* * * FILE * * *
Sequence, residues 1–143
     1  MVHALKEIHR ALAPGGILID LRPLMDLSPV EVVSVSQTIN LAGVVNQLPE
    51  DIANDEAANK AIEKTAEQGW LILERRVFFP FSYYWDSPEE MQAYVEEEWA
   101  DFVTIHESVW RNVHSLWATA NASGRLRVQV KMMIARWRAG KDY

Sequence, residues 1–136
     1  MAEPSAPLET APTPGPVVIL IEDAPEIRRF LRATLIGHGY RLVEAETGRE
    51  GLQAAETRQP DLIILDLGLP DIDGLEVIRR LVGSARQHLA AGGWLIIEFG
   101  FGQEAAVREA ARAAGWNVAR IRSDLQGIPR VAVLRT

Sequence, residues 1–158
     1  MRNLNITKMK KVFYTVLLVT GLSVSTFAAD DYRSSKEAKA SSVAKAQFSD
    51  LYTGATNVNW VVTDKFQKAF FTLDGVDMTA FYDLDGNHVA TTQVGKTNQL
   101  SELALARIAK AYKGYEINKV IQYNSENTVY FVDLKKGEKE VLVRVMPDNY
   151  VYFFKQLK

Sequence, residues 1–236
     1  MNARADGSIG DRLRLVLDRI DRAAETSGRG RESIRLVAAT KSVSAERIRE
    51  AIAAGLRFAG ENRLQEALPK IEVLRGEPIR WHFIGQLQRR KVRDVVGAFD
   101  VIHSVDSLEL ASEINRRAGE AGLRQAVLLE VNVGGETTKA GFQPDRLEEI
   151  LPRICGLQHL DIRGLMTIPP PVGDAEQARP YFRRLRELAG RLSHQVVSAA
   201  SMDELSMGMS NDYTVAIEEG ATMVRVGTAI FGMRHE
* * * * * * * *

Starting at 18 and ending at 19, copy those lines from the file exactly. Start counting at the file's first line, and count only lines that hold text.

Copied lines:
   151  LPRICGLQHL DIRGLMTIPP PVGDAEQARP YFRRLRELAG RLSHQVVSAA
   201  SMDELSMGMS NDYTVAIEEG ATMVRVGTAI FGMRHE